• The diversity of ways in which “legalisation” and “formalisation” processes are mediated by political and social relationships that exist within often extreme asymmetries of power.

  • The opportunities such processes provide for facilitating rather than preventing disenfranchisement and dispossession through processes like land grabbing.

  • Modalities by which such processes intersect with and impact upon disparities based on gender, ethnicity and religious minority status.

  • Tensions between local, customary notions of land rights and State-led formalisation processes, including conflicting conceptions of legitimacy and justice.

  • How the political-administrative compartmentalisation of “land administration” relates to the oft-stated aspirations of such processes to achieve equitable and pro-poor outcomes, for example national inheritance legislation and the relationship of natural resources like forests and water bodies to “land administration”.

  • The impact of state foreign and security policy on land acquisitions, for example as part of the establishment and expansion of military and naval infrastructure.

  • How the European Union’s Global Strategy and development policy relate to these issues.

Anyone can register their interest for further updates by sending an email to

Potential participants are asked to submit abstracts of no more than 500 words to the same email address by the 31st January 2021.

On the basis of submitted abstracts, participants will be invited to join a “working group”, that will convene remotely by the last week of February 2021.

Working / background papers will be circulated among the group by early May 2021.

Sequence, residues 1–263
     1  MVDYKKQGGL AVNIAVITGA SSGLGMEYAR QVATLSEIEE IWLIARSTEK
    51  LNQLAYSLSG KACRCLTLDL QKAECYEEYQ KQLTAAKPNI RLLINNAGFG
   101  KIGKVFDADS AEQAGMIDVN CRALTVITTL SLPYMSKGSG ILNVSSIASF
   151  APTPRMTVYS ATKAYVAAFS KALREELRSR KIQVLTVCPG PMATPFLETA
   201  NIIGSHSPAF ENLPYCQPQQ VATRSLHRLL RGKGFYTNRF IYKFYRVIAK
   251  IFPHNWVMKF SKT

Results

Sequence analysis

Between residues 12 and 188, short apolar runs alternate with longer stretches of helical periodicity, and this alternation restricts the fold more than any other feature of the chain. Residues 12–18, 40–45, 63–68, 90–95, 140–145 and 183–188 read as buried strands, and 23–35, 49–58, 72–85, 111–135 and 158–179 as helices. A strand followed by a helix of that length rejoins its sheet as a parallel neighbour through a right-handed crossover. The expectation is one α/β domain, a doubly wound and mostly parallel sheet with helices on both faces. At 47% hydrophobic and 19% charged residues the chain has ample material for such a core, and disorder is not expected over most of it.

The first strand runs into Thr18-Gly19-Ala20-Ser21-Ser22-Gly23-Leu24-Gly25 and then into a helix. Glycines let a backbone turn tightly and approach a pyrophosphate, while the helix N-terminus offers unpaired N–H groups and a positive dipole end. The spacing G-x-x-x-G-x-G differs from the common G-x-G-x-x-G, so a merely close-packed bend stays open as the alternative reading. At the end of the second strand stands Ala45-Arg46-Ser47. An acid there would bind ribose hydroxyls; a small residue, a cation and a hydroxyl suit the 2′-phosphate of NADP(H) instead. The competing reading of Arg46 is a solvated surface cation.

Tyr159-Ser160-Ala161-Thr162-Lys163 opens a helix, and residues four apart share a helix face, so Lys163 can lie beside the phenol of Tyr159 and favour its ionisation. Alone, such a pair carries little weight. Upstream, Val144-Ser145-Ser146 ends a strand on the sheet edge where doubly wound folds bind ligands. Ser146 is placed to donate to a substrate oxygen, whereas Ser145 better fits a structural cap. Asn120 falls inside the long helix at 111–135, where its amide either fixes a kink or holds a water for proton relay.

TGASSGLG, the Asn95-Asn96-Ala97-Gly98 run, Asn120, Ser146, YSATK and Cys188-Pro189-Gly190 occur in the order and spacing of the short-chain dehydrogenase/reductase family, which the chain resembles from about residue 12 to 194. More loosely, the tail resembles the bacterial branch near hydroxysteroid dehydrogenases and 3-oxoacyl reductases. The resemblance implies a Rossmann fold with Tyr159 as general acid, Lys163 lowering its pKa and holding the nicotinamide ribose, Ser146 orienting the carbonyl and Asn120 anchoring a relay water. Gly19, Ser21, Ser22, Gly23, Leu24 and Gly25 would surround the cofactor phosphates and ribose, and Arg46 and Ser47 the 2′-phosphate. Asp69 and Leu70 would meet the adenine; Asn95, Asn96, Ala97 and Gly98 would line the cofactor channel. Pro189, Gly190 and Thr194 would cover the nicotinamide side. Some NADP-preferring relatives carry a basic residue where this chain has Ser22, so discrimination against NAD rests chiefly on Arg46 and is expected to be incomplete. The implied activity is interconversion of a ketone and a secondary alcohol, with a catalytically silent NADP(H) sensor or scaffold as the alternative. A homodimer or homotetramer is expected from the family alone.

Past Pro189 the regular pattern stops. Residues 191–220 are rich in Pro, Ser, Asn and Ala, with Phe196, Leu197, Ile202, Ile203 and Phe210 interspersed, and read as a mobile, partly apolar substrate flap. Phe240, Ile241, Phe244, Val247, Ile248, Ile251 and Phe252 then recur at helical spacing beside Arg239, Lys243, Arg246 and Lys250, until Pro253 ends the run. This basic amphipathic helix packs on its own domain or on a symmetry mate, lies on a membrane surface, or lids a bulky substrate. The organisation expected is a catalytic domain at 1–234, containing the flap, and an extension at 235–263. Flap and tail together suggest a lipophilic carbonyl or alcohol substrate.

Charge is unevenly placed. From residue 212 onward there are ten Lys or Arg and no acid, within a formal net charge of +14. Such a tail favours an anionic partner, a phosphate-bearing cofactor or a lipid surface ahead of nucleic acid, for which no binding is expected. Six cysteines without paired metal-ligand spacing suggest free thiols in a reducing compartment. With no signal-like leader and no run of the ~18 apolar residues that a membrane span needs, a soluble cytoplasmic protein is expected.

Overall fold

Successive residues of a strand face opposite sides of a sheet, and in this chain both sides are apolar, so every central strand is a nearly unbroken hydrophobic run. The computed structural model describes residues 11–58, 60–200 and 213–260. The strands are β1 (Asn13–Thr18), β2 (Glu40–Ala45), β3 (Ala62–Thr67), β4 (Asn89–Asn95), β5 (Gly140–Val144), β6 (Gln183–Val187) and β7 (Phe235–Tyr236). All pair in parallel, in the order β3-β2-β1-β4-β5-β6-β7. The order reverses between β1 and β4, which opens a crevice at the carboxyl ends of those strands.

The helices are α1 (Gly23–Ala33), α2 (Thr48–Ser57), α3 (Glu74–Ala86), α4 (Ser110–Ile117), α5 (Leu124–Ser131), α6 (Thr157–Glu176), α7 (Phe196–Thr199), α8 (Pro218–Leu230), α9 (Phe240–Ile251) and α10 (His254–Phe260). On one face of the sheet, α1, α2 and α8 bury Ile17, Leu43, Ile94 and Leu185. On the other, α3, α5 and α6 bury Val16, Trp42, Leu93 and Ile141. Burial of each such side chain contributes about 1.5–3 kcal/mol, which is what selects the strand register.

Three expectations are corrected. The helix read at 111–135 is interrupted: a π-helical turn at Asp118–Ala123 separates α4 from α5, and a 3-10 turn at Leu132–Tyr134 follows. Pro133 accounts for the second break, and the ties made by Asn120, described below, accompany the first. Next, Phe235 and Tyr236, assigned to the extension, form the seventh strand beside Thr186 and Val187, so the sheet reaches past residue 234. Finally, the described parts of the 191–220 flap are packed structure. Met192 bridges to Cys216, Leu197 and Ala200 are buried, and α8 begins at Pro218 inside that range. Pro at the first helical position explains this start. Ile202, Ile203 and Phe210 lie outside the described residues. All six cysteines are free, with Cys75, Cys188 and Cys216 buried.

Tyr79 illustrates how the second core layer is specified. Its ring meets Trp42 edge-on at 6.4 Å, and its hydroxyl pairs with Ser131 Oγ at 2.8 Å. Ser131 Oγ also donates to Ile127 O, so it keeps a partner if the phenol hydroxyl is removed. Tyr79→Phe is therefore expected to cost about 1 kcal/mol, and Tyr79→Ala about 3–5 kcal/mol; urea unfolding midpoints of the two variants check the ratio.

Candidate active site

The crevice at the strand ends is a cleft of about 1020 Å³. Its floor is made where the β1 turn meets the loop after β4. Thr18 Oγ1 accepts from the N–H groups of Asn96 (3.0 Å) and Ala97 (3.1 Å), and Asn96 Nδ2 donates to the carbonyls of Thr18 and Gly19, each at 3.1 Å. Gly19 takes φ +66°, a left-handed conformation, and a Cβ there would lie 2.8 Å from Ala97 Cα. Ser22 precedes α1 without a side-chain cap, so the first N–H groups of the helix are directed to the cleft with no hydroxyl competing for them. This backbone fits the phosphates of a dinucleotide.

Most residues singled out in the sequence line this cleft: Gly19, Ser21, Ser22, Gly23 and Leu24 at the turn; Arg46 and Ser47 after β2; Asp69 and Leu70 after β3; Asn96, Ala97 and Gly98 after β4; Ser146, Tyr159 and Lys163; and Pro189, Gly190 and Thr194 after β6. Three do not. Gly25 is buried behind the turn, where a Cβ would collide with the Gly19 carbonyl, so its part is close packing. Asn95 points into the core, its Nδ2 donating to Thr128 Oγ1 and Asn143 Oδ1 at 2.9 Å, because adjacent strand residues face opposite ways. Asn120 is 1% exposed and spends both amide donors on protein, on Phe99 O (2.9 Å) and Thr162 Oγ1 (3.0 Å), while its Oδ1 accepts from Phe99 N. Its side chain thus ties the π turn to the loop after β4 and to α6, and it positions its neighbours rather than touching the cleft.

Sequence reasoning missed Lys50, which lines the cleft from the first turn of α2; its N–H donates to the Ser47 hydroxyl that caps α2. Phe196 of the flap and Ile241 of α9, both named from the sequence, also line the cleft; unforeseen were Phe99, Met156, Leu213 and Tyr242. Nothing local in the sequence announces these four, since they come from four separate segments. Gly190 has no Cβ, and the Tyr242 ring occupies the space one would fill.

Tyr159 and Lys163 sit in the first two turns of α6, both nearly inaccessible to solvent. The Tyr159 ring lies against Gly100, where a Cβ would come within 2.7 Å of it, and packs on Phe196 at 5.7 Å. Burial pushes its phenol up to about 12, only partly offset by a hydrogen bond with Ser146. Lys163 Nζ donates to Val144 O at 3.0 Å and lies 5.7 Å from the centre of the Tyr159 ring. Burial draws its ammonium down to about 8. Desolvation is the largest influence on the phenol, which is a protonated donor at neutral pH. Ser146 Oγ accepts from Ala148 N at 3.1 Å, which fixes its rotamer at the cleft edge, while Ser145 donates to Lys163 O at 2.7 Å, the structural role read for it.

These papers will form the basis of a two-day working session, in principle to be held as a physical conference in Dhaka in late September / early October, and there will be a modest budget available to support travel and accommodation expenses. If continuing Covid prevalence makes this option unworkable, remote arrangements will be organised, potentially involving more flexible timings to take time differences into account.

The aim will be to have an agreed framework for the special issue by the end of the working session, as well as an agreed target journal.

While all are welcome to engage with this initiative, it may be of particular interest to early career researchers.

For further information, please contact Dr Oliver Scanlan at the Center for Sustainable Development, University of Liberal Arts Bangladesh, at

Read more about the initiative here.

Shelter City Netherlands – New Call

Justice and Peace Netherlands is launching a new call for applications for at risk Human Rights Defenders to participate in Shelter City. The deadline for applications is 10 December 2020. Please be aware that special conditions apply because of the COVID-19 situation (see conditions below).

Shelter City provides temporary safe and inspiring spaces for human rights defenders (HRDs) at risk where they re-energise, receive tailormade support and engage with allies. The term HRD is intended to refer to the broad range of activists, journalists, scholars, writers, artists, political figures, lawyers, civil rights defenders, independent media professionals, civil society members, and others working to advance human rights and democracy around the world in a peaceful manner. Shelter City offers the HRD a shelter for three months, during which they will rest, re-energize, gain new skills, extend their network and raise awareness about the situation in their country. At the end of the programme, participants are expected to return with new tools and energy to carry out their work at home.

From March 2021 onwards, several cities in the Netherlands will receive HRDs for a period of three months.